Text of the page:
Guruji died 11 years ago. Yet, I remember like yesterday, two events connected with his funeral that will stay with me for life. The distressing state of my helplessness, the deeply unsettling feeling of rudderlessness at the sudden loss of someone on whom so many of us depended for guidance - this actually gave me the fear that all indeed was lost. This was the first event and it was a deeply personal one.
The second event which happened on the second day of his passing had to do with two visitors who had known my father before I was born. Both were Telugu rickshaw pullers who came all the way from Cuttack and reached us as early as 5.30 in the morning. They introduced themselves as his friends and well-wishers who had ferried “Kelubabu” 50 years ago to many destinations in and around Cuttack! And there existed an important rite of passage between the three of them. They would exchange with Guruji the news of the day, stories about each one’s personal struggles, the joys and sorrows of living life in Odisha in 1940s. Stories of a dance teacher’s toil and poverty interfacing with the impoverished rickshaw pullers’ tales and experiences of every day’s labour. Also exchanged were bidis and paans which happened to be a favourite with all three.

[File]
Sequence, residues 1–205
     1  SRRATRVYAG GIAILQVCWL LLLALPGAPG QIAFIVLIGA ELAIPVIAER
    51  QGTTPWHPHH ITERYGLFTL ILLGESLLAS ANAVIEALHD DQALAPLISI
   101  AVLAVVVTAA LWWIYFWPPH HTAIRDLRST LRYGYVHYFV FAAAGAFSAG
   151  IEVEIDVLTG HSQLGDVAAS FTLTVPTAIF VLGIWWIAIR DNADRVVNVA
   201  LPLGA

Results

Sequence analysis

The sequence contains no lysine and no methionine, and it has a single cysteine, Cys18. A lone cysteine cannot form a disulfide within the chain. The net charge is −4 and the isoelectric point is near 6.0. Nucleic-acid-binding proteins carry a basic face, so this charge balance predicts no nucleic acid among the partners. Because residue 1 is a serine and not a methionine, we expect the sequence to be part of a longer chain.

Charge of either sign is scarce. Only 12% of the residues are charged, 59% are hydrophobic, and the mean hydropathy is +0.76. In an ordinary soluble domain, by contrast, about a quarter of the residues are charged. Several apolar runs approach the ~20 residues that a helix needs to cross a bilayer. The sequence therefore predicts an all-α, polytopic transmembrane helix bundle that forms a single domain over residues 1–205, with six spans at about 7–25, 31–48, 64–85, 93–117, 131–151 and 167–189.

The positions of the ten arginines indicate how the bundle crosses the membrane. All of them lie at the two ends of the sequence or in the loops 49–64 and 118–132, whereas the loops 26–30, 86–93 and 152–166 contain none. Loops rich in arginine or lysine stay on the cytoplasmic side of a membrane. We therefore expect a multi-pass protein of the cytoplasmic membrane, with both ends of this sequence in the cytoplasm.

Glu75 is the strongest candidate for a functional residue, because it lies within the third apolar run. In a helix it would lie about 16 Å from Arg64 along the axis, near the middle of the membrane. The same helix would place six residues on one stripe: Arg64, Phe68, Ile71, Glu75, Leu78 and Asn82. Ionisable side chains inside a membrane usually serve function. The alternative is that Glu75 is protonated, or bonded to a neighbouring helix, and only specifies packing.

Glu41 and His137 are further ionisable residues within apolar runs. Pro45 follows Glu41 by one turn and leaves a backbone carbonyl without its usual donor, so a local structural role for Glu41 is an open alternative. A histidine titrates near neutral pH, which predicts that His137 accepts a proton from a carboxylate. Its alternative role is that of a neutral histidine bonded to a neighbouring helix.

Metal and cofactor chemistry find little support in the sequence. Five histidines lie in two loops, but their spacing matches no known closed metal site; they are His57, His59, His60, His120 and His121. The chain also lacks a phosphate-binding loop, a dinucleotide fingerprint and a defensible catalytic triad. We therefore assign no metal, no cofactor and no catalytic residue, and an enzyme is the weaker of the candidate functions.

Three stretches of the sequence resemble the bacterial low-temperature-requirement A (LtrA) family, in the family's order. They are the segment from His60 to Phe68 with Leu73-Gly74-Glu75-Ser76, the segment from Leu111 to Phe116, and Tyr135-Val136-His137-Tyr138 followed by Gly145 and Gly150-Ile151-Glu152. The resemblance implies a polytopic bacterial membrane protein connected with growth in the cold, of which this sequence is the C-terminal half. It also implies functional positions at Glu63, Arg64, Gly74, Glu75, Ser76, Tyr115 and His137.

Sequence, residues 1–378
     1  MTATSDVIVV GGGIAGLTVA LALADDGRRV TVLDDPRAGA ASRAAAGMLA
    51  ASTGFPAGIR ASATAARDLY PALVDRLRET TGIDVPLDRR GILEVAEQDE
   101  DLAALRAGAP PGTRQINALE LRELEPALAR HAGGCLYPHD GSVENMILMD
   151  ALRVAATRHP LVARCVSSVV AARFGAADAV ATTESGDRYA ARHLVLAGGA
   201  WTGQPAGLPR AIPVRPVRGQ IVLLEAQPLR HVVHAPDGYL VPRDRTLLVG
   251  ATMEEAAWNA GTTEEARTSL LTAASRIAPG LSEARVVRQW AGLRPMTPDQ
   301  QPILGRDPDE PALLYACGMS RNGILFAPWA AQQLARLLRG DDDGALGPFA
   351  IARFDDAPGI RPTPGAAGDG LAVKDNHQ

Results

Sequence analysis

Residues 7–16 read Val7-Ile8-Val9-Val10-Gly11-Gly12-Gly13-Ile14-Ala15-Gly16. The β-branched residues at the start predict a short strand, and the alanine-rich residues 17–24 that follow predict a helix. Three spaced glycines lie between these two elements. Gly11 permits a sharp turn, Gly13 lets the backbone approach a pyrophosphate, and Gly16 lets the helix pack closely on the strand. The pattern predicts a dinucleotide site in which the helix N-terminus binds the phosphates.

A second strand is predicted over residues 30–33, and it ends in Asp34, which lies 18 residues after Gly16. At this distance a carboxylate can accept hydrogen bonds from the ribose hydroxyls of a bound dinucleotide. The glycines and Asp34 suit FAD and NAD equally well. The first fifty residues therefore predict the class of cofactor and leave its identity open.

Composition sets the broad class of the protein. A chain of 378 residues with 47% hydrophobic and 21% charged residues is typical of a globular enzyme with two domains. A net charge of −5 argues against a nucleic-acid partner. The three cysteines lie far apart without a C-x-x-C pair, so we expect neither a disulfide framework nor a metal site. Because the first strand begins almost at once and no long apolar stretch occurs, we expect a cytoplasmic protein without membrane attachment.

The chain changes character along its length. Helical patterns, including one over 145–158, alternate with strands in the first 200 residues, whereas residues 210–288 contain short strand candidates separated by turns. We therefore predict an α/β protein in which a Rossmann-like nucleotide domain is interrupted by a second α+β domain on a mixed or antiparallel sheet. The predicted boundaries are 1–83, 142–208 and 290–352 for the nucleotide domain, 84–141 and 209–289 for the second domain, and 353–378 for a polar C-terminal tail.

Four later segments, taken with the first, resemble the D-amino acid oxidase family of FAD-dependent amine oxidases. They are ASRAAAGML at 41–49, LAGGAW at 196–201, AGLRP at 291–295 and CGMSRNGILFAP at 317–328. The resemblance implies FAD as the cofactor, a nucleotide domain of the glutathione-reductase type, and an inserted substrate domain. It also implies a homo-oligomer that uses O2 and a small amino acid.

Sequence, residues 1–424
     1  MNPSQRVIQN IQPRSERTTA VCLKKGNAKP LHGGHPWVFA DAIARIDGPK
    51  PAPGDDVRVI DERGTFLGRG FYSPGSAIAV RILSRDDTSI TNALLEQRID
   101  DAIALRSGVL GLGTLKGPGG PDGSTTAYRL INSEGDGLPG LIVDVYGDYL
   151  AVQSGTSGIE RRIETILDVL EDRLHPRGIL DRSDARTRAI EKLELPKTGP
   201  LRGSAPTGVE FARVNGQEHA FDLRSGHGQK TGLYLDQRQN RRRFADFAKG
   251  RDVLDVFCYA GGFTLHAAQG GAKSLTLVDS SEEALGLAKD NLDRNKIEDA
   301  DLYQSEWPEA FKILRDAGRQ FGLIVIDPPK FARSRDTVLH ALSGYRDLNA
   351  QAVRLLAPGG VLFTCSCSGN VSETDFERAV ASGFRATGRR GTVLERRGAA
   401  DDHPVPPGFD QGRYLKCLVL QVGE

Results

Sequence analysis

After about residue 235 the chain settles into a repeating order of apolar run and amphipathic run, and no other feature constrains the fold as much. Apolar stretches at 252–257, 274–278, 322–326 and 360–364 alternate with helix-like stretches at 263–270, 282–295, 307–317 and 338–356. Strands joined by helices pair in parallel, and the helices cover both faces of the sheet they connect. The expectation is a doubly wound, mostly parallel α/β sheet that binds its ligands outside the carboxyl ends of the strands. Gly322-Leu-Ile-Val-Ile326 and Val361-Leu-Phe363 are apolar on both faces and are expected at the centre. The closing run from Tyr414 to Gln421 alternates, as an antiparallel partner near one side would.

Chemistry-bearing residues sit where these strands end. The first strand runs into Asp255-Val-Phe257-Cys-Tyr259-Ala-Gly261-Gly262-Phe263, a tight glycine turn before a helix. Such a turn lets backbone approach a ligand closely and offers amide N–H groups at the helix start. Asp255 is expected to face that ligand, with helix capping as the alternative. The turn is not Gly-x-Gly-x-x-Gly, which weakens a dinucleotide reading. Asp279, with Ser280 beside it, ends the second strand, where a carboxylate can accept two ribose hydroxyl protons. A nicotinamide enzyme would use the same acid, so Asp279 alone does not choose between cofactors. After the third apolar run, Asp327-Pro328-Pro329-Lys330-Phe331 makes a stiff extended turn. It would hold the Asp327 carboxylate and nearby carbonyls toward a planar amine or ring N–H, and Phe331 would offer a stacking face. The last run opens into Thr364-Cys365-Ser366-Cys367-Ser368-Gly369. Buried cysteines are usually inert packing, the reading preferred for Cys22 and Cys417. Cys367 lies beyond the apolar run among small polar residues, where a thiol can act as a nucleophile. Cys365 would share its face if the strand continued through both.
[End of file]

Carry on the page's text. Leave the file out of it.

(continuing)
These contemporaries of my father asked to see his body in eternal repose, and the older of them (Apparao) circled his body twice, held my father’s feet for a long moment and finally placed two bidis and a match box near his head, after lifting his torso and embracing his dear departed friend. Never having met them I was curious to know some details about their relationship with him. Apparao explained that Guruji mingled with them freely and exchanged bidis as one rickshawallah would to another friendly rickshaw puller. Apparao also knew that the early life of Guruji had been extremely difficult and impoverished when he was a daily labourer in a betel plantation in his village Raghurajpur. Hence, perhaps Guruji had no difficulty in befriending and empathising with people in similar throes of poverty. For me as for many others who had heard the story from me, this was a deeply human and moving experience. And every time this story is retold “Kelubabu” sparkles back to life, his presence real and vibrant among us.